C.M. Corner: Unintentional Bias

Travis Chapman

Miscommunication is a common occurrence in everyday life.  However, working in our positions, sometimes that miscommunication can unintentionally cause larger issues.  This can cause students to feel judged, criticized or excluded and in turn, those students will often misbehave because they feel a lack of safety and care.  This week we’re going to delve a bit deeper into how those miscommunications may cross lines of prejudice and discrimination.  Understanding that this is a very sensitive topic, we are going to objectively discuss how this may occur through our language, behavior management, positive attention, and furthermore, what we can do to prevent these situations in the future.
One of the most identifiable culprits to unintentional bias is the language that we use daily.  Most often, we associate this with stereotyping and labeling students based upon their appearance, heritage, orientation, preference, etc.  But this would also extend to asking probing questions about those topics as well, as they are often very personal and cause students to feel uncomfortable and singled out, even if it may be related to the topic.  For example, if you are filling in for a civics teacher and the lesson plan covers the topic of citizenship, it is completely appropriate to discuss what citizenship means as laid out in the lesson plans or course materials.  However, asking the students about their citizenship status, regardless of your intent, would be inappropriate and would result in issues of racism or classism.  We want to ensure that our language itself is not singling out any one individual or group due to race, religious beliefs, heritage, economic status, disability, gender, sexual orientation, etc.
Behavior management is another area where it is easy to unintentionally communicate discrimination.  As our schools and communities grow more diverse in every way, how students interact with the class changes as well.  In one of our trainings, we touch on this topic, using the example:
A teacher hears a group of students talking and laughing during work time, rather than working on their assignments.  Immediately, they correct the students in front of the whole class saying, “Excuse me, I’m not sure what you’re discussing, but you need to silently work on your assignments.”  This happens a few more times before the students are dismissed and the group of students becomes frustrated and more belligerent in their discussions.  What the teacher didn’t realize was that all those students have similar cultural backgrounds and there were other students who weren’t focused on their work either, but nothing was said to them.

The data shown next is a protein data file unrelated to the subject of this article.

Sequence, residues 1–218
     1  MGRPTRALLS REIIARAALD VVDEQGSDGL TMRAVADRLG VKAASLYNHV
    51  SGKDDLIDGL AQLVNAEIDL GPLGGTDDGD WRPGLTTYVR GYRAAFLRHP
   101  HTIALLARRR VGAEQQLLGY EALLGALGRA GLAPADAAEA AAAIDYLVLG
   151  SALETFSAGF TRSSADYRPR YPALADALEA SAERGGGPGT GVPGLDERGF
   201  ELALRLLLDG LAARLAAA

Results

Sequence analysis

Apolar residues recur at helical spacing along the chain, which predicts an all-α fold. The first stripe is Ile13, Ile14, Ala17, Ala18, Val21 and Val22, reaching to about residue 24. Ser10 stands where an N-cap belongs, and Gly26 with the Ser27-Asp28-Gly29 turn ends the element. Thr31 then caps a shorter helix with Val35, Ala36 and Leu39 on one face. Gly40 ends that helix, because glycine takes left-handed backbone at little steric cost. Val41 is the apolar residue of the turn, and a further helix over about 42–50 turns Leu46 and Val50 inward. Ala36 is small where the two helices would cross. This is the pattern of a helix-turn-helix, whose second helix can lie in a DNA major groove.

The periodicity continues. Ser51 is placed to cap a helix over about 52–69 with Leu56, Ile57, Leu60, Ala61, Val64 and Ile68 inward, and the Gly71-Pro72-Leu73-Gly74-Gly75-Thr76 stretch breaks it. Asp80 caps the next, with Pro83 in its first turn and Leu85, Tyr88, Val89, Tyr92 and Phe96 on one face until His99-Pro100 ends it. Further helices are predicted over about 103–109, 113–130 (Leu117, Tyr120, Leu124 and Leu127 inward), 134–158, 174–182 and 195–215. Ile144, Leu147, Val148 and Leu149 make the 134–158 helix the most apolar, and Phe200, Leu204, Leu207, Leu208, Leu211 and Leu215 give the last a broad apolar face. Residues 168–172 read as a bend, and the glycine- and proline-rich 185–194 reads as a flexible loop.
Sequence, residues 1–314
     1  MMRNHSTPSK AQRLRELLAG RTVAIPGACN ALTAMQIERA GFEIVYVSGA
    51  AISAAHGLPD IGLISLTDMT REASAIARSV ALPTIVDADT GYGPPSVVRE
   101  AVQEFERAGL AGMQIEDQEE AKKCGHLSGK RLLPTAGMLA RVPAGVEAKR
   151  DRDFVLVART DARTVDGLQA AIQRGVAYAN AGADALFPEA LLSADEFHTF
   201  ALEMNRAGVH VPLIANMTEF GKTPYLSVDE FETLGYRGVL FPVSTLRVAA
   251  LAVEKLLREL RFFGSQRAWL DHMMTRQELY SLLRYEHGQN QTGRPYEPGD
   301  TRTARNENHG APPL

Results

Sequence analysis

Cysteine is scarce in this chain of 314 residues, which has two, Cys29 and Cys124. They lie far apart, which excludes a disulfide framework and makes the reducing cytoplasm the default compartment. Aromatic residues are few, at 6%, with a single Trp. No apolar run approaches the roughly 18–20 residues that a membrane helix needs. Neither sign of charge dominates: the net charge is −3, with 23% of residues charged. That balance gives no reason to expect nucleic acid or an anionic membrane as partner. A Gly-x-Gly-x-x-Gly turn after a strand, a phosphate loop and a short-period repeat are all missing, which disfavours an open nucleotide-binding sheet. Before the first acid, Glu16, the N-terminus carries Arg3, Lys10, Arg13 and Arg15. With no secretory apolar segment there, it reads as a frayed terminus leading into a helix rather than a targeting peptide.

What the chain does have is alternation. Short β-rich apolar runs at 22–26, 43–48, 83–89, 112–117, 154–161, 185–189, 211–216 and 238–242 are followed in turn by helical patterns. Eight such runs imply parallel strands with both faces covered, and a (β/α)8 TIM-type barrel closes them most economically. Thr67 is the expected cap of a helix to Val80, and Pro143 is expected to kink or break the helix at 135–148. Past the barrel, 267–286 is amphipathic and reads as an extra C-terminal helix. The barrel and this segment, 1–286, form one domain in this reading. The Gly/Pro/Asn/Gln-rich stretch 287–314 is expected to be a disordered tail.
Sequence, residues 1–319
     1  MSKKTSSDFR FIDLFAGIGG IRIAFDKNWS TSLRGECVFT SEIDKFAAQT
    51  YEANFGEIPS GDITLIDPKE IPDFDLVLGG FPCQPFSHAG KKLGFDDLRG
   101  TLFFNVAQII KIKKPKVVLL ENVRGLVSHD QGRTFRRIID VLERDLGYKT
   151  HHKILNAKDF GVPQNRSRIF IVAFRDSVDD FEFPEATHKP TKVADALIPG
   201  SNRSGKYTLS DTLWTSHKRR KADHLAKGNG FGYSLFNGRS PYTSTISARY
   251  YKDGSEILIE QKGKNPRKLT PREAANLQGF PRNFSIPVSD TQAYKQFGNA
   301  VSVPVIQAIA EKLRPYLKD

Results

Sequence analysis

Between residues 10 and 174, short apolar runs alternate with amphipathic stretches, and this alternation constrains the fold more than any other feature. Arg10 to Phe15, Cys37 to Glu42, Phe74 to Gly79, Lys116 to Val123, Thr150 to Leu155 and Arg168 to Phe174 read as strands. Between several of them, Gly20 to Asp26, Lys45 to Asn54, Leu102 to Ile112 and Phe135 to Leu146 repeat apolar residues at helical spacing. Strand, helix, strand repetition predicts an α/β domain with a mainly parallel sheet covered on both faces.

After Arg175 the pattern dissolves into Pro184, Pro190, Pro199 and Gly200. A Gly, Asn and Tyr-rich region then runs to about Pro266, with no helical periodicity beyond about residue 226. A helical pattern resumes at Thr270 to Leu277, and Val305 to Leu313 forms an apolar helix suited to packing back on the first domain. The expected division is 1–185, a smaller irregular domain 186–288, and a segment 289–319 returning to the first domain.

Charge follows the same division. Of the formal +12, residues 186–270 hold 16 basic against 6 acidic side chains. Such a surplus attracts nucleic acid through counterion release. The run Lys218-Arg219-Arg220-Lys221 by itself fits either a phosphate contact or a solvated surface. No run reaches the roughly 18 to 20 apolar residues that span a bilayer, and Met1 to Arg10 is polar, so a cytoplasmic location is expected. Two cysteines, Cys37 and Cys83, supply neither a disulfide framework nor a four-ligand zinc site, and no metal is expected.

While attempting to correct inappropriate behavior, they had unintentionally communicated racism. This was because they were addressing a behavior but weren’t addressing it with all the students.  With behavior, regardless of the classroom you are in, take note of behavior across the classroom first before addressing it and ensure that you are addressing it with all students.  If it is a small group of students, have a private discussion with them rather than a public correction.  If you notice that it extends beyond the students, address the behavior with the class. 
Another consideration is how we utilize our positive attention.  Through numerous studies, positive reinforcement has been found the most effective way to address classroom behavior, which is evident by the PBIS (Positive Behavioral Intervention and Supports) programs across the country.  So how does that positive attention or redirection communicate bias?  Think about a substitute assignment that you worked where you praised students. Who were you praising?  Was it the same student or group of students all day long?  Were there students that never received an affirming comment from you that day?  Did those students look the same?  Did they speak in a similar manner?  If so, then you may have unintentionally communicated prejudice and bias.  Consider if you were one of the students who did not receive that positive attention.  How would you feel?  You would probably feel a bit upset.  Now imagine you were one of the few students who constantly received that attention, knowing others didn’t.   How would you feel then?  Maybe you would feel awkward and singled out.  Positive attention communicates growth, belief, and value. Through this action, we can give that to each of our students.  We encourage you to notice and find authentic, positive things about each of your students and communicate them. 
Again, this is a sensitive topic to approach, however, it is our responsibility to communicate care and concern for our students.  We can intentionally do this with each of our students by ensuring safe, respectful language, considerate behavior management, and effective positive attention. 
If you would like to take some additional free trainings to gain skills in this area, consider taking Sanford Inspire’s “Teachers as Agents of Change” or “Giving Effective Praise”.  If you would like to discuss these topics further, you can always call our office at 800-713-4439 and speak with our Substitute Services Team.